EX-BOLAR REGULATORY AFFAIRS DIRECTOR SUSAN LONG PLEADS GUILTY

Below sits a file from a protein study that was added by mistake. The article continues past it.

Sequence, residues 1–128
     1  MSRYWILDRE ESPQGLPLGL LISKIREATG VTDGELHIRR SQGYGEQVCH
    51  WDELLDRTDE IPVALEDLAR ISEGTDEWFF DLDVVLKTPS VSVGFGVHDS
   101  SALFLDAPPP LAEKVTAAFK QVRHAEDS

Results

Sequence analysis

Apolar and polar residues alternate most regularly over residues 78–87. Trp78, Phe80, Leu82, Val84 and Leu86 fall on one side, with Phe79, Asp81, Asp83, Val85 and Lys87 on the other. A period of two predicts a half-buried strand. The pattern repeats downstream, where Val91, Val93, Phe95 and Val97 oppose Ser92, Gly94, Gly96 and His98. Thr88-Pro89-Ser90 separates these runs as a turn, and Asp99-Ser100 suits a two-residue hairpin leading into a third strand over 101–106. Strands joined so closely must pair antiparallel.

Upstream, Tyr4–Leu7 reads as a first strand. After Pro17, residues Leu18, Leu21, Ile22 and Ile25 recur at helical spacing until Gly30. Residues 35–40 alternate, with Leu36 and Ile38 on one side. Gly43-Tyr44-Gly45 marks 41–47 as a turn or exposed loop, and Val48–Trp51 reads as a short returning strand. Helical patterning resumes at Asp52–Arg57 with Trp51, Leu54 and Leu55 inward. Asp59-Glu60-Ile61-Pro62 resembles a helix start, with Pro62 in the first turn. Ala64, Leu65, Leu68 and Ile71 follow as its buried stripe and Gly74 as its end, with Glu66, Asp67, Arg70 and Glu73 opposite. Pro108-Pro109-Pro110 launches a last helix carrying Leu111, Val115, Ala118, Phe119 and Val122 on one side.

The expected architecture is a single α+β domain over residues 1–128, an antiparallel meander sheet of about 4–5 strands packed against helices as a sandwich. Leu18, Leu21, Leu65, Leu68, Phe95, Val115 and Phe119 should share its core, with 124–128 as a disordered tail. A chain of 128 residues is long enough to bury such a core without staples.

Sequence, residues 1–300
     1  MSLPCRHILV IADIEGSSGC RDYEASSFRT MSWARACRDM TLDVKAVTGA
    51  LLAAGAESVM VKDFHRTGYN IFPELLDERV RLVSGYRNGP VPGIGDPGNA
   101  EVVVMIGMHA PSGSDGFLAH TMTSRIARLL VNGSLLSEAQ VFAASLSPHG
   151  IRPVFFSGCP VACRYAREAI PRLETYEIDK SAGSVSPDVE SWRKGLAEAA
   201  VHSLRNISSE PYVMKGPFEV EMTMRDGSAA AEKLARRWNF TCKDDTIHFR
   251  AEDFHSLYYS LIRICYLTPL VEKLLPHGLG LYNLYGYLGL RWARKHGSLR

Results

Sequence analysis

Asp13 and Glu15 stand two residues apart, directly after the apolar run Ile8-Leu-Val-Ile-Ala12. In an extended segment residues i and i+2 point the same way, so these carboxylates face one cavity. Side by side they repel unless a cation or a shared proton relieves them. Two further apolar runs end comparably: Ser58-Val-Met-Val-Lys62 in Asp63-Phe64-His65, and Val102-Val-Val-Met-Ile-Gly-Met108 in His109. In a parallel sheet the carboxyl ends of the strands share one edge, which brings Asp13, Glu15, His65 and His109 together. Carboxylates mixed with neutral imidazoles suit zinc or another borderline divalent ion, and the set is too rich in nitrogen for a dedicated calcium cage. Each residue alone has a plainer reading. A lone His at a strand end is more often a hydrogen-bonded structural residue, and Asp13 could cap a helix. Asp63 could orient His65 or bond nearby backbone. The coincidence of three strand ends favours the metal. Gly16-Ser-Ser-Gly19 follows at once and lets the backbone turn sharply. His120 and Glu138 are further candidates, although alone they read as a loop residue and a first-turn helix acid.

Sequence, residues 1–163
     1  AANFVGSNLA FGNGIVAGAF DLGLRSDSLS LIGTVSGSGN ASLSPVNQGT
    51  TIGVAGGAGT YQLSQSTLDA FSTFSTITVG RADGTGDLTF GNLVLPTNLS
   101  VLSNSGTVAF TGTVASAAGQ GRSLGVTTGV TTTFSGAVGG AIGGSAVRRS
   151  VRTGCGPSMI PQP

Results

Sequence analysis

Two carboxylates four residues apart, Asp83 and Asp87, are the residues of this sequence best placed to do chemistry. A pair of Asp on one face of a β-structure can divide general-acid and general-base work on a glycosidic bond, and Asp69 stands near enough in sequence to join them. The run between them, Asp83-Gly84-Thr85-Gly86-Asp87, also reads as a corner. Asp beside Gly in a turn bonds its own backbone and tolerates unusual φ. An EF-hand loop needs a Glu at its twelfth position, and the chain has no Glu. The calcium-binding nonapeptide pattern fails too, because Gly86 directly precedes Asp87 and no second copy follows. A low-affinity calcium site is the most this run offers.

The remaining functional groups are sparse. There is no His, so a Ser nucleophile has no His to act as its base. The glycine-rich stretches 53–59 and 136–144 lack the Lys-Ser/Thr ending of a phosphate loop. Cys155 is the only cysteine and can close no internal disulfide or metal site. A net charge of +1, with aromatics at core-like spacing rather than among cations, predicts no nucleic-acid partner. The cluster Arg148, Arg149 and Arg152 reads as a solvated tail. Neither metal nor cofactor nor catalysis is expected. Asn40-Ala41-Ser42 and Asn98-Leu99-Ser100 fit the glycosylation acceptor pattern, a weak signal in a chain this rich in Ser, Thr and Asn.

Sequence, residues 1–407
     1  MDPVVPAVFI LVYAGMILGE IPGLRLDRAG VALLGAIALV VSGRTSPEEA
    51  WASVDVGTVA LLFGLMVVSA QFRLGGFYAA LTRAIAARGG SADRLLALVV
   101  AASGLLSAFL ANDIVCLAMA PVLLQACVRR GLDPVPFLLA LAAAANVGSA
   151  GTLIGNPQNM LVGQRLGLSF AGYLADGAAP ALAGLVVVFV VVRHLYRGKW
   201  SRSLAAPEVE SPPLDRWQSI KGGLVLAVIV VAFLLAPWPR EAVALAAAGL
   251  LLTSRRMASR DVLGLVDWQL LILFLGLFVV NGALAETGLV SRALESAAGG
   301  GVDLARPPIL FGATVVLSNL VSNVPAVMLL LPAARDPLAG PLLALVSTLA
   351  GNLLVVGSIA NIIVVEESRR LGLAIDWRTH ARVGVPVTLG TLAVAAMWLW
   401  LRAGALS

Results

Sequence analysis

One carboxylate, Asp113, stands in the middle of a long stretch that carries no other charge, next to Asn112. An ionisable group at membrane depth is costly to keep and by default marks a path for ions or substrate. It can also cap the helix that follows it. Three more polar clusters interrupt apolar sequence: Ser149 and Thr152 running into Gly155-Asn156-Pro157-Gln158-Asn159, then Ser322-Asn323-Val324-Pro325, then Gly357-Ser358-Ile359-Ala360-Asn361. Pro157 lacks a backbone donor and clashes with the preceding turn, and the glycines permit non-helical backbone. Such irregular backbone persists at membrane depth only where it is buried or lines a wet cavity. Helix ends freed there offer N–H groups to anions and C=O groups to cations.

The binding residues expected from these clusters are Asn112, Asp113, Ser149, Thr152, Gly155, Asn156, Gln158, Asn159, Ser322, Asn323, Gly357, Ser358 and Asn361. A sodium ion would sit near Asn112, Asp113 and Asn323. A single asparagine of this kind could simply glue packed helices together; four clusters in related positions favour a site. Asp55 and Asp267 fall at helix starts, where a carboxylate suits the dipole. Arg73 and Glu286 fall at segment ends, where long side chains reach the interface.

EX-BOLAR REGULATORY AFFAIRS DIRECTOR SUSAN LONG PLEADS GUILTY to making false statements to FDA and to obstructing an agency investigation of the generic drug company, a Feb. 5 press release from Maryland's U.S. Attorney's Office announced. The counts relate to Bolar's substitution of SmithKline's Dyazide (triamterene/hydrochlorothiazide) for its own generic drug during bioequivalence testing. Long "faces maximum penalties of five years incarceration and a $ 250,000 fine on each of the two charges," the release says. The former Bolar exec "has agreed to cooperate with the government in its continuing criminal probe of Bolar's activities." Long is tentatively scheduled to be sentenced on June 14 in Baltimore Federal Court. However, she is unlikely to be sentenced until her cooperation in the investigation of Bolar is complete, the U.S. Attorney's Office said. The sentencing of two other Bolar execs, former R&D director Gena Finelli and former regulatory affairs manager Gloria Schetlick also depends on future charges brought against other Bolar employees. Finelli's sentencing is tentatively set for May 23 and Schetlick's arraignment is tentatively scheduled for April 29. Schetlick has pled guilty to making false statements and obstructing an FDA inspection ("The Pink Sheet" Dec. 17, T&G-7). She was involved in creating and altering documents to cover Bolar's switching of the branded Dyazide for its own product. Finelli was charged with obstructing FDA's inspection of the firm by directing employees to lie to investigators about the existence of notebooks from the R&D lab ("The Pink Sheet" Oct. 22, p. 11). In a Jan. 16 criminal information, Long was charged with one count of causing the submission to FDA investigators of a fabricated R&D raw material report on one lot of triamterene/hydrochlorothiazide for which there was no free sample lot. The second count charges Long with producing fabricated encapsulation records for the lot of triamterene, as well as for four other drugs ("The Pink Sheet" Jan. 21, In Brief). During an inspection of Bolar manufacturing facilities in Copiague, N.Y. from Aug. 21, 1989 to Oct. 18, 1989, FDA investigators were given "copies of various false records referring to the alleged raw material free samples," the release says. The false records also contained "a false encapsulation record" for the triamterene lot. "The senior Bolar officer who had originated the idea of false encapsulation data later expressed concern that encapsulation records were not customarily prepared for Research & Development lots and, therefore, the record prepared for triamterene/hydrochlorothiazide could prompt suspicions by the FDA investigators," the U.S. Attorney's Office said. "Therefore, the officer directed Long to prepare false encapsulation records for lots of clindamycin HC1 150 mg, danazol 200 mg, fenoprofen calcium 200 mg, and tolmetin sodium 400 mg." The records were given to FDA inspectors on Sept. 20, 1989 "by the senior Bolar officer," the release says. During congressional and FDA investigations, Long, at "the direction of senior Bolar officers," was engaged in destroying documents, gathering documents for removal from Bolar's facilities, "misrepresenting her knowledge of Bolar's activities to FDA investigators, and participating in meetings with which obstructive efforts were planned," the release states. Long also submitted false information on Bolar ANDAs to FDA's Division of Generic Drugs, the release adds.
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